Gum Disease: Heart Disease
Bacterial endocarditis is a condition characterized by inflammation of the interior lining of the heart and heart valves, generally caused by bacterial infection. People with abnormal or damaged heart valves are at the highest risk for infective endocarditis, but infection also occurs in normal valves when a large number of bacteria are present. Researchers believe that when an individual is diagnosed with periodontal disease, a normal task such as chewing or brushing can injure gum tissue allowing bacteria to enter the bloodstream. The accumulation of these bacteria on heart valves often leads to a fatal infection if not treated.
Coronary artery disease is another type of cardiovascular disease in which the walls of the coronary arteries (heart blood vessels) gradually thicken due to the build-up of fatty proteins. Often, blood clots form in narrowed coronary arteries and normal blood flow activity is obstructed. This depletes the nutrients and oxygen the heart needs to function properly. Scientists believe that bacteria found in the oral cavity enter the bloodstream, attach to fatty plaques, and contribute to clot formation. Researchers have found that people suffering from periodontal disease are twice as likely to suffer from coronary artery disease as those without gum disease. Current data leads scientists to believe that periodontal disease is an important risk factor for heart disease working in concert with other risk factors such as age, smoking, diabetes, hypertension, and elevated blood cholesterol.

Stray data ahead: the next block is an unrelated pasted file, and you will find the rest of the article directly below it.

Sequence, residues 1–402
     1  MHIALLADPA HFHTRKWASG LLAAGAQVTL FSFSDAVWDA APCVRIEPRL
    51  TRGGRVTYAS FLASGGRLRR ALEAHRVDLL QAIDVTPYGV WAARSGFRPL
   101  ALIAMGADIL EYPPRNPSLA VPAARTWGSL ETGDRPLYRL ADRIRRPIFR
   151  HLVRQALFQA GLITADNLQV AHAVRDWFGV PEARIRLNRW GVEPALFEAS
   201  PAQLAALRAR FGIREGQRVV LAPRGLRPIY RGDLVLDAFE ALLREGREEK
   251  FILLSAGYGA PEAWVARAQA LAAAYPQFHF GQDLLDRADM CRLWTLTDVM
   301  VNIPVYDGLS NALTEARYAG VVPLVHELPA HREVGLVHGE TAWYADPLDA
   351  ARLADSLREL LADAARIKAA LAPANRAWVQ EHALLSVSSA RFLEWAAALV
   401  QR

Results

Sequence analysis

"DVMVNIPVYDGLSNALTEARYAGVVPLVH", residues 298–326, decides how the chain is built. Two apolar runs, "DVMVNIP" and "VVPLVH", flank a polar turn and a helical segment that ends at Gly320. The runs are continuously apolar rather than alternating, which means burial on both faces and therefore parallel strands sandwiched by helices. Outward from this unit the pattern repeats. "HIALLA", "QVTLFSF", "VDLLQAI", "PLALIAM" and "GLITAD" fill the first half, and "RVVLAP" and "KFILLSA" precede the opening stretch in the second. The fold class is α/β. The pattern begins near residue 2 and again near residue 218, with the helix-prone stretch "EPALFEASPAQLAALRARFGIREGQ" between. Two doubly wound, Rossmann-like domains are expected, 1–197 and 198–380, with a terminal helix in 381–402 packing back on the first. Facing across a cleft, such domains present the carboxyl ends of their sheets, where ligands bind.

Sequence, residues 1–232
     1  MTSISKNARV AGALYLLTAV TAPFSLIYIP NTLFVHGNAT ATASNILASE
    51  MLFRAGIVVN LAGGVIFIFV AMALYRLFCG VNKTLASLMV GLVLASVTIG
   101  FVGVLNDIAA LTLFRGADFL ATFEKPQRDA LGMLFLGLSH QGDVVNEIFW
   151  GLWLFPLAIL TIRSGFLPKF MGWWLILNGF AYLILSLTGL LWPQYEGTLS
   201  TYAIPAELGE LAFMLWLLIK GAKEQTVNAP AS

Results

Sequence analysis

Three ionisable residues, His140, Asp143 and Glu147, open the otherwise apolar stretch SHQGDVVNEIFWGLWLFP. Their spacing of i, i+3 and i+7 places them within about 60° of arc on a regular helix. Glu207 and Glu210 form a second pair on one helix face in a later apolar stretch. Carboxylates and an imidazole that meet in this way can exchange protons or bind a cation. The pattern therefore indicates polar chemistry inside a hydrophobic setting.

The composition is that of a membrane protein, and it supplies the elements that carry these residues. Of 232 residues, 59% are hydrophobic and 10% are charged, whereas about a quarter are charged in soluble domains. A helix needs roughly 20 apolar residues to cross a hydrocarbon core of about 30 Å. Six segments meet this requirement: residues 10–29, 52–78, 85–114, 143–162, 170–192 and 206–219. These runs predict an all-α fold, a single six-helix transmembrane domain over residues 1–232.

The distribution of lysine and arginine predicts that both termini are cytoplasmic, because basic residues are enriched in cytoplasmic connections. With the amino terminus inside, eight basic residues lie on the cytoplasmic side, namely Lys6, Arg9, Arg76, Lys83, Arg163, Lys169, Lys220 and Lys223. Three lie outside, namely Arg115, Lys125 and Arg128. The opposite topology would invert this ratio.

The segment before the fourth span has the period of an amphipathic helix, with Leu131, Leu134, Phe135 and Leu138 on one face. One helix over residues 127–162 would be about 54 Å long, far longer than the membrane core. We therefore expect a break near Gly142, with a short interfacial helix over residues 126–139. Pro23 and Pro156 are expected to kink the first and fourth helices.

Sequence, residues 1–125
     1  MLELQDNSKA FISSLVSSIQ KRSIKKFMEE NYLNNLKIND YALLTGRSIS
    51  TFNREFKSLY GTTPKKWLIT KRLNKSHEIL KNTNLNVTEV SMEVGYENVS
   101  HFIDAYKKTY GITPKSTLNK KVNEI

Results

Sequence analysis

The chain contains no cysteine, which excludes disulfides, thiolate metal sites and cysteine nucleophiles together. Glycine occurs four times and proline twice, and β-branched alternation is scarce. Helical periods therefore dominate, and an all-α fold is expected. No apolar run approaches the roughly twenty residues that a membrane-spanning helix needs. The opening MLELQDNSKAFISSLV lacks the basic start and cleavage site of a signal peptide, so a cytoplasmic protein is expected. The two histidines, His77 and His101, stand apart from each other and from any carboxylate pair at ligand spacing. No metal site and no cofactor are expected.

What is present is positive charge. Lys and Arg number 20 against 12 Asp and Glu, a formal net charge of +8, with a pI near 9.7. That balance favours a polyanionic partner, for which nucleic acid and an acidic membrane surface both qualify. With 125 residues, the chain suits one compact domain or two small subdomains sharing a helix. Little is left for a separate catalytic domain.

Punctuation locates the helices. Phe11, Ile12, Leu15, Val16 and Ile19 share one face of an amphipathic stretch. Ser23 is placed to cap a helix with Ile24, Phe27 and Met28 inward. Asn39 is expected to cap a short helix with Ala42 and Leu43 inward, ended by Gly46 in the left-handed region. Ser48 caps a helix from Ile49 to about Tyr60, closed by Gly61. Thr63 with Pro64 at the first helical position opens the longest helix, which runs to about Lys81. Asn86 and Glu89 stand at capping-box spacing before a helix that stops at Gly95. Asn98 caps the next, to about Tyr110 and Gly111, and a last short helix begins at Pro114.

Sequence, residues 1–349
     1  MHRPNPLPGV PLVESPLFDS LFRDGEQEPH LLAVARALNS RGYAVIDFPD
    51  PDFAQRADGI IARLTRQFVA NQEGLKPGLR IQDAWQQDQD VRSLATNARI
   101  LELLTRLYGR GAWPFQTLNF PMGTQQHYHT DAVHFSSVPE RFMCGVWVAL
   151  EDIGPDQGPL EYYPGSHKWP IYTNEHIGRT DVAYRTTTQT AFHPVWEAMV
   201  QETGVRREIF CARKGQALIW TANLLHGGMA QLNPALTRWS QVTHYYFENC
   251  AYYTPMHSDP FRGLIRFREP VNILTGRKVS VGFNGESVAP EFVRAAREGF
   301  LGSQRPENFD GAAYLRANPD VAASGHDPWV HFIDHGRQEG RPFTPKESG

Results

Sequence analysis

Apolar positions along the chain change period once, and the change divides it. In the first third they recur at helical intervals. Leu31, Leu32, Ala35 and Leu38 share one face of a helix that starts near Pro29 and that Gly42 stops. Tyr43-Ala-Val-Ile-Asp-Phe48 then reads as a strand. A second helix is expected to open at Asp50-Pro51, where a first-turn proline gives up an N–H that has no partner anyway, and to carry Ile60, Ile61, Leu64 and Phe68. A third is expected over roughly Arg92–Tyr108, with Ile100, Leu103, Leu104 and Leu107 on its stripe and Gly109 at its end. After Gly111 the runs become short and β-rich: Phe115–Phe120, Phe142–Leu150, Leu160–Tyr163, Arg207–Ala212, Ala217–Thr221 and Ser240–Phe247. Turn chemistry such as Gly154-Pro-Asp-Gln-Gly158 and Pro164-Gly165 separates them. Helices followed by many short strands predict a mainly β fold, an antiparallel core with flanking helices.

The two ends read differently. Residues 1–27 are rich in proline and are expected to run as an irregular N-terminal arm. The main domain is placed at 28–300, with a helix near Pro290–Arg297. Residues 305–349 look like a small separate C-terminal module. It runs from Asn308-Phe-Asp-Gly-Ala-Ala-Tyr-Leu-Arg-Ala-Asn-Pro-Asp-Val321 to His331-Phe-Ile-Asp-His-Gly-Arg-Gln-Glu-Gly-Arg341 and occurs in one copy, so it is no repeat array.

Additionally, in a recent study that looked at the causal relationship of oral infection as a risk factor for stroke, people diagnosed with acute cerebrovascular ischemia were found more likely to have an oral infection when compared to those in a control group.
The American Heart Association estimates approximately 58 million Americans, 1 in 5, suffer from cardiovascular disease making it the number one cause of death in the U.S. Working to prevent gum disease or treat it at the earliest possible stages, may be one way to reduce the number of annual deaths due to heart disease.